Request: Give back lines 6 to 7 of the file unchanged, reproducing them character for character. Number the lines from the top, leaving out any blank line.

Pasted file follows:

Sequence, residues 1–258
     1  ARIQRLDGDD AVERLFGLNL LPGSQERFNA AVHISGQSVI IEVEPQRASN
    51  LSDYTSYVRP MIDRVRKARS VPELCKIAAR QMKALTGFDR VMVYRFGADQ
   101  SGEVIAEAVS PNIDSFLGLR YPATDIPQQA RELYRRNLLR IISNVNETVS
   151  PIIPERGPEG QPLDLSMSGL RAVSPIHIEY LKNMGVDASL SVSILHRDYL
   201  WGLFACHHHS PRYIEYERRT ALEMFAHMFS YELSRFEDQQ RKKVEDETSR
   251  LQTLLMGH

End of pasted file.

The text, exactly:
   201  WGLFACHHHS PRYIEYERRT ALEMFAHMFS YELSRFEDQQ RKKVEDETSR
   251  LQTLLMGH